An old saying goes that ‘better known evil than good yet to know’. Conventional wisdom highlights our tendency to prefer things to remain as they are, unless, obviously, they are terrible. In fact, even in adverse situations that are far from ideal, but in which we have found a certain balance, we tend to prefer continuity to disruption, a known past to an uncertain future. Sometimes it is almost as if we prefer the certainty of misfortune to the misfortune of uncertainty.
That is the reason why we stick to old habits and defend certain customs that, rationally, are inexplicable. That is also the reason why we get stuck in toxic relationships and environments. And it is the reason why it is so difficult to change a social system, a cultural pattern or an ingrained way of doing things. That tendency to cling to what we know has a name: status quo bias.
What exactly is status quo bias?
The status quo bias is an irrational preference for the current situation. In practice, once we establish or acknowledge a baseline, it becomes a benchmark and any change to it is perceived as a loss or threat, even if it is positive.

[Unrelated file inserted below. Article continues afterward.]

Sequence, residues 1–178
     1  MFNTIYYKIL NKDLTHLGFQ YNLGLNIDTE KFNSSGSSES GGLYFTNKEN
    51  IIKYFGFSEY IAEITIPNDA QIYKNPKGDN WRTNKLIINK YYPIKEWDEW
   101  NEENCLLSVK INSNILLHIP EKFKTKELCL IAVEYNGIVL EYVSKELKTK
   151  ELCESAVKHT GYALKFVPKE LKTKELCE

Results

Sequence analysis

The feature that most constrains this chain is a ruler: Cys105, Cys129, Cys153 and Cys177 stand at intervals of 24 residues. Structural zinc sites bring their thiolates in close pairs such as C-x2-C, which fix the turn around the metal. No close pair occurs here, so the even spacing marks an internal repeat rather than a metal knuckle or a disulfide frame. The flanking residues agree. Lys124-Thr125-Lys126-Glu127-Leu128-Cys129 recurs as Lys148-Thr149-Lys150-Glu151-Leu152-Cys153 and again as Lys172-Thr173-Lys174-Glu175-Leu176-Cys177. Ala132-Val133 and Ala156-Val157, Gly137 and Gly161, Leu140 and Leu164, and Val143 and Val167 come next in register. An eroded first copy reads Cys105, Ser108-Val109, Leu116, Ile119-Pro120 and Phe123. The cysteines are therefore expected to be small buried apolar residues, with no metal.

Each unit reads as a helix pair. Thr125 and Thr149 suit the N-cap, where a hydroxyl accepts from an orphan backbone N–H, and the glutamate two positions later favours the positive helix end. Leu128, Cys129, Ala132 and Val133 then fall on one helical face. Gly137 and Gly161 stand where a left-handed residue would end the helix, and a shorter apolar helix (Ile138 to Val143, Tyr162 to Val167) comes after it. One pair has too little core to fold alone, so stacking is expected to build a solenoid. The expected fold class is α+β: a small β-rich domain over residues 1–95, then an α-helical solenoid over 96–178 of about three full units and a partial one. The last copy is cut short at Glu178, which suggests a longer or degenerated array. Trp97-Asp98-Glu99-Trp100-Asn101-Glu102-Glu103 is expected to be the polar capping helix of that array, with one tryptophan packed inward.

Curiously, the expression comes from the Latin phrase statu quo ante bellum (the state of things before the war) that was used in peace treaties. The phrase implied the withdrawal of the troops from the battlefield and the return to the state before the war, resuming the old way of doing things and the order that reigned before the chaos.
Today, the status quo bias permeates different areas of our lives. An example of the status quo bias is when we buy a new mobile phone. Interestingly, the more options we have, the more likely we are to leave the default options that the manufacturer has selected, limiting ourselves to changing the wallpaper, the ringtone and two or three more functions. That means that inertia has enormous power over our decisions and behaviors, from the most important to the most banal.
Tell me where you start from and I will tell you where you will arrive